3 lawyers test human rights cases from abroad in Supreme Court
The Supreme Court will hear a case Monday which could determine whether cases involving foreign governments committing atrocities in their own countries should be heard in the US court system.
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Clement and Bellinger had worked together on an Alien Tort Statute case when Clement was solicitor general and Bellinger was at the State Department. When they spoke, the two lawyers decided to team up again. "Paul agreed," said Bellinger, "we could track a number of the issues we'd argued in government."Skip to next paragraph
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They divvied up the work. To build their case, Bellinger sought to document instances where foreign governments had complained about the statute. Clement's job was to look at the big picture.
In an interview, Clement said he saw two issues lower courts were grappling with. One was Bellinger's concern about whether the statute applied to cases where abuses were committed in foreign countries. The other was whether helping a foreign government commit an abuse, rather than committing the abuse directly, was covered by the statute. Only the 2nd Circuit's Kiobel decision had brought up the new question of whether a corporation, rather than an individual, could be held liable under the statute. It was almost as if the Supreme Court was looking at the wrong question, Clement said.
Like Bellinger, Clement agreed to speak only in a private capacity and not as a representative of his clients in the ongoing litigation.
The two lawyers said they decided they needed to marshal a much broader argument than the one the Supreme Court had asked for in Kiobel. Bellinger spent December 2011 reaching out to clients of Arnold and Porter who were past, current or potential future targets of lawsuits under the Alien Tort Statute.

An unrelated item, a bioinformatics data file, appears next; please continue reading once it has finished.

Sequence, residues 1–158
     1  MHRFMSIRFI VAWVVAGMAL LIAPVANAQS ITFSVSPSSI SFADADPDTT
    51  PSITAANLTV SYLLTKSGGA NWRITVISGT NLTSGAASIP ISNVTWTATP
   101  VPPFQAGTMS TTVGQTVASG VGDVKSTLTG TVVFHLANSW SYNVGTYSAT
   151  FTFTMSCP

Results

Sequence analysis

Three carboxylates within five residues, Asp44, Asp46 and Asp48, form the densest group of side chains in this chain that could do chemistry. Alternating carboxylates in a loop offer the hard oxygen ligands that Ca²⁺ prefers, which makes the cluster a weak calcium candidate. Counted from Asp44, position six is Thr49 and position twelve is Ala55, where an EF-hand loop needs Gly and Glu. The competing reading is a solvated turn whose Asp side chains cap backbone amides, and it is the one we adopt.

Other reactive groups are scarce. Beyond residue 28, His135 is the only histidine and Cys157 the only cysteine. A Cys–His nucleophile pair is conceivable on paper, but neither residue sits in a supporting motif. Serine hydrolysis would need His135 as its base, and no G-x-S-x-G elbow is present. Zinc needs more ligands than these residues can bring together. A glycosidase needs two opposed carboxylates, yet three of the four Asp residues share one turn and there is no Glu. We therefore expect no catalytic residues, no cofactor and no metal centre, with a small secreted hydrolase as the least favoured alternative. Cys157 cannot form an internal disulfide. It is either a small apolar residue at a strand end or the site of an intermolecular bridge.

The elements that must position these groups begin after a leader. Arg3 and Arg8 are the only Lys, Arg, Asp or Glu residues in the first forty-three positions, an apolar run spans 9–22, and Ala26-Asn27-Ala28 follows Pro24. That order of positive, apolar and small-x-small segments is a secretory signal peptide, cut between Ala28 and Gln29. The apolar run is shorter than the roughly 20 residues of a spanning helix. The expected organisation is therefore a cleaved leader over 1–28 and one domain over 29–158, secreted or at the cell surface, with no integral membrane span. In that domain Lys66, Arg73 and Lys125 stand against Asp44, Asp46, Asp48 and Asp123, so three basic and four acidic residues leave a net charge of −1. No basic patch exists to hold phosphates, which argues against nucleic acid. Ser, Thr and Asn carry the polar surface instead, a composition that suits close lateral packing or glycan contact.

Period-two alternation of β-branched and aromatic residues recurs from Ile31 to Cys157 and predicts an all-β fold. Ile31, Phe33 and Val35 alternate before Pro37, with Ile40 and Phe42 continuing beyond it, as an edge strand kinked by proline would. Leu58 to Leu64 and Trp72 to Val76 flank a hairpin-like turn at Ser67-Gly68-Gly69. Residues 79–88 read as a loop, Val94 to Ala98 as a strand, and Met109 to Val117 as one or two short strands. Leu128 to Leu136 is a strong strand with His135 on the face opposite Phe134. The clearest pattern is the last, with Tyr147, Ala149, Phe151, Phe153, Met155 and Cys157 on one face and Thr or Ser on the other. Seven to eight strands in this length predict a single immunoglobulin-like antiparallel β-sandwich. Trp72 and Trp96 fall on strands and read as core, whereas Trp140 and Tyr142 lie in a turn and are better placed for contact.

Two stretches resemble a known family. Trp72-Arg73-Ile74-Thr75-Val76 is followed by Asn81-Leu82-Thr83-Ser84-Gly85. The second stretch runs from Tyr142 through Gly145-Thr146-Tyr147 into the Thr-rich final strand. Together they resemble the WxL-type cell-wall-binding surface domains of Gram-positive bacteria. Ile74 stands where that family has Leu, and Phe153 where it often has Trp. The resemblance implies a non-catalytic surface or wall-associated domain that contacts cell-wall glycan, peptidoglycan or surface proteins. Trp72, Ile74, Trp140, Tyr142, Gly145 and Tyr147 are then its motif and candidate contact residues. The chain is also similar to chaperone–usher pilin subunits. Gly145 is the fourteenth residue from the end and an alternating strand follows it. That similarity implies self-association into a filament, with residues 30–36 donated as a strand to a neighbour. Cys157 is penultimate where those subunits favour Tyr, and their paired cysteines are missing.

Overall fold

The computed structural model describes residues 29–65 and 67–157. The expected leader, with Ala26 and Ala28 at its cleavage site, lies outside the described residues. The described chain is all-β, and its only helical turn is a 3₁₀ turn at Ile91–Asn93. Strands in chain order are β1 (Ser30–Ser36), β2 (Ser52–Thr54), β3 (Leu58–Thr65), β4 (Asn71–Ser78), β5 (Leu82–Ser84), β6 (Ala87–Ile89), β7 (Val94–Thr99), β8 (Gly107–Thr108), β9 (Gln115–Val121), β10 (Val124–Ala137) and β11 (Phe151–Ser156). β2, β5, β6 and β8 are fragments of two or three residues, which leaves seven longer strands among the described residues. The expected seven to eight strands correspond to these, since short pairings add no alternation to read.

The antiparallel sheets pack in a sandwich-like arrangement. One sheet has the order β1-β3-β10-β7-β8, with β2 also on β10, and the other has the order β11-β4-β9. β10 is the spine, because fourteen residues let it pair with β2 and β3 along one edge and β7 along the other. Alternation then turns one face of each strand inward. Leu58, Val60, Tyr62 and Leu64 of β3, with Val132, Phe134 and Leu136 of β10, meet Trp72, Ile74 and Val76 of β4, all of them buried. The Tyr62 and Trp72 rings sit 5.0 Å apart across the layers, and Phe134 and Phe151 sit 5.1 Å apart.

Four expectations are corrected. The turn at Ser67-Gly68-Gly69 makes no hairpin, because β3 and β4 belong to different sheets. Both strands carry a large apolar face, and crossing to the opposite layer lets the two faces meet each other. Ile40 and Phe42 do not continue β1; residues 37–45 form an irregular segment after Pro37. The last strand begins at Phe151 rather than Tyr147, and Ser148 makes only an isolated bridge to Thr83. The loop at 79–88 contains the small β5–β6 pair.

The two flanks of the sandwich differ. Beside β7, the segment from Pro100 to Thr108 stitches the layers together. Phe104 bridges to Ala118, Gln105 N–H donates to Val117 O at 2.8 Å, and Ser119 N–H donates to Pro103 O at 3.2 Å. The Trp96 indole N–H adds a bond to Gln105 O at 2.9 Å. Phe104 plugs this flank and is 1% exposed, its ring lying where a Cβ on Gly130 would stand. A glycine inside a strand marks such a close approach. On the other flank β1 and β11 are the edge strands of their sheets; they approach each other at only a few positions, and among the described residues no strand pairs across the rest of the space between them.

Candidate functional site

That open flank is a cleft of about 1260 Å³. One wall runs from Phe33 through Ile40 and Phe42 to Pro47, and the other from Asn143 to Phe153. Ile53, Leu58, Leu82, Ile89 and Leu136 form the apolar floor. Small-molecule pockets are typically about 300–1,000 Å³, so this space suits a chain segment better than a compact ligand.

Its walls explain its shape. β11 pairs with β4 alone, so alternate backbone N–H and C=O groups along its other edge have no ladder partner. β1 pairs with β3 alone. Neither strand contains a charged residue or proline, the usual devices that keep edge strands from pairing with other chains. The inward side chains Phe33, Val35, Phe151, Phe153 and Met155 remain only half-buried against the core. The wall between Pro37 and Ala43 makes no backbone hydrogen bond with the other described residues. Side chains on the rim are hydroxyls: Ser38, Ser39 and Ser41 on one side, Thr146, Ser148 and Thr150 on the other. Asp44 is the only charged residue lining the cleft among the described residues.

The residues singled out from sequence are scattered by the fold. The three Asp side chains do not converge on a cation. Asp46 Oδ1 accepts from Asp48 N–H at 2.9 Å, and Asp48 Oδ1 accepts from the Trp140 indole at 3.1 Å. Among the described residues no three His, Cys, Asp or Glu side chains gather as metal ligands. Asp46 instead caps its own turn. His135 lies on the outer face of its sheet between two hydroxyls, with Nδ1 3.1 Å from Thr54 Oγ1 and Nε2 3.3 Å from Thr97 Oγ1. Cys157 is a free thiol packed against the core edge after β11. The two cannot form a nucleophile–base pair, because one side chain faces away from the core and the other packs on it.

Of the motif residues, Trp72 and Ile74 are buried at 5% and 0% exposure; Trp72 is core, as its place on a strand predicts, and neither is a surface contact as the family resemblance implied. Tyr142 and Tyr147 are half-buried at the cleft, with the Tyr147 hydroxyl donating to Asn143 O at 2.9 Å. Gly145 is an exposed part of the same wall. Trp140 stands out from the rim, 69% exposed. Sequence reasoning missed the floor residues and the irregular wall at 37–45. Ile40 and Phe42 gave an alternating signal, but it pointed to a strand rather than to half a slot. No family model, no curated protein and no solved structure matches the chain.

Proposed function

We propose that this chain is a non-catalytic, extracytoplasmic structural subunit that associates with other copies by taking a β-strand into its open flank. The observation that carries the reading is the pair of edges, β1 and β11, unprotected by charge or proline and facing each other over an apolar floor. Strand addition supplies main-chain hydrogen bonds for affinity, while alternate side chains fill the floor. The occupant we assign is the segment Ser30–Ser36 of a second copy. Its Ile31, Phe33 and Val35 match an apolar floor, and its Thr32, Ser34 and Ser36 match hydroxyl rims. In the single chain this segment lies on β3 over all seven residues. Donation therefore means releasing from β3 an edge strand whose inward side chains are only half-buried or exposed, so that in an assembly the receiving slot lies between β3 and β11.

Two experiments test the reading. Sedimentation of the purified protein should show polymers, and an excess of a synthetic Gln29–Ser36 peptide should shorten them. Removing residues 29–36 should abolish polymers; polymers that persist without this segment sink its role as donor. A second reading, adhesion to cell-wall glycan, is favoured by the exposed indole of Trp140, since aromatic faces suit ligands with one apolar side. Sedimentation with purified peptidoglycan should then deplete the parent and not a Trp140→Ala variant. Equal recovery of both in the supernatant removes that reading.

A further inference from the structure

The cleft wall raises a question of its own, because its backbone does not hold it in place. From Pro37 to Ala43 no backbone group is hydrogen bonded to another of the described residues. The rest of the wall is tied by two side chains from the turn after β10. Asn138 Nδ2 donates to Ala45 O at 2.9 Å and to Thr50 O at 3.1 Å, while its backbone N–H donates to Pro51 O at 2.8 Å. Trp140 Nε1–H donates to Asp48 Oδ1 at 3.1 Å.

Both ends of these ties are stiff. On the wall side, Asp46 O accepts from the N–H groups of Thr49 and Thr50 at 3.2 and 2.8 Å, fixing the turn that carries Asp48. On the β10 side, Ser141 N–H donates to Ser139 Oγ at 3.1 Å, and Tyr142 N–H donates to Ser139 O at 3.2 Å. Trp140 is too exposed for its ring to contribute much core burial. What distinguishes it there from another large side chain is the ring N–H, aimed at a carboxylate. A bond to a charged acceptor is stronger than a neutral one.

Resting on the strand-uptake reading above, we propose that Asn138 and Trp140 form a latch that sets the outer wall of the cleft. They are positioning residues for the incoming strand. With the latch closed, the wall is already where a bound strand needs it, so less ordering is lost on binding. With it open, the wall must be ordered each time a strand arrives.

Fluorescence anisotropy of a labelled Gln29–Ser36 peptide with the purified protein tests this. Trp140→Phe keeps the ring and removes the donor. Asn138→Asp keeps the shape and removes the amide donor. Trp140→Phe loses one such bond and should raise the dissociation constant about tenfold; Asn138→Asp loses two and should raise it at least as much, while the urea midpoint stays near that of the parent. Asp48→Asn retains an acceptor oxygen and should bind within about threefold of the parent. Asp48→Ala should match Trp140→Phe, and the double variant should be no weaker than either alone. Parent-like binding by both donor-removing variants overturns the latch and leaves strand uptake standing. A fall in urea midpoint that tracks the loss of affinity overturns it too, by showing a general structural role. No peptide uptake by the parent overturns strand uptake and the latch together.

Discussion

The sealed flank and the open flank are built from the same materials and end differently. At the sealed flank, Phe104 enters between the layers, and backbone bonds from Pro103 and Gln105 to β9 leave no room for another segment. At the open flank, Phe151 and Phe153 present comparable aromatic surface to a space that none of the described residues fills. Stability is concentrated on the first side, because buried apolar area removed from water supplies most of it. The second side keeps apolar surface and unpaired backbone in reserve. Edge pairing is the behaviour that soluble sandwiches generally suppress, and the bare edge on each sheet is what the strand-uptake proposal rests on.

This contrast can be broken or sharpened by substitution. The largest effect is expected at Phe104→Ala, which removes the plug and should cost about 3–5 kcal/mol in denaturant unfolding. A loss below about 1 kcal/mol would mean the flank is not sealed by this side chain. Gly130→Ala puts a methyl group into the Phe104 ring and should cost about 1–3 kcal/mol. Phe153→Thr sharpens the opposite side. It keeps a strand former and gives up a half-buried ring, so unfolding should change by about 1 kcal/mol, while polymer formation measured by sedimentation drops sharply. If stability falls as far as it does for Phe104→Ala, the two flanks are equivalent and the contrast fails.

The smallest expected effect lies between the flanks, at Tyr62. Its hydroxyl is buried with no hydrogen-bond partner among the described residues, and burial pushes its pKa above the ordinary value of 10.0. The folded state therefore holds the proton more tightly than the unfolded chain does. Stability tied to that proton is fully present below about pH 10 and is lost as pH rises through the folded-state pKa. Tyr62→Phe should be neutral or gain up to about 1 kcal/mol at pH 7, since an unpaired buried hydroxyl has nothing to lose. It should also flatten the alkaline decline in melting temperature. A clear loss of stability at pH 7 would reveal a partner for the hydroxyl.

In February this year they filed their brief on behalf of BP Plc, Caterpillar Inc, ConocoPhillips, General Electric Co,Honeywell International Inc and IBM. They argued that the Alien Tort Statute does not cover events that took place in foreign countries, nor does it apply to those who help others commit abuses, only those who commit abuses themselves. None of the six companies would comment for this story.
CHANGING THE QUESTION
On a crisp morning in late February, Paul Hoffman, a veteran human rights advocate, stood before the Supreme Court to argue the case for Kiobel. Some 16 years earlier, Hoffman had brought a landmark lawsuit under the Alien Tort Statute against oil company UNOCAL over abuses in Myanmar, which settled in 2005 for an undisclosed sum. Since then, bringing lawsuits against corporations had come to define his career.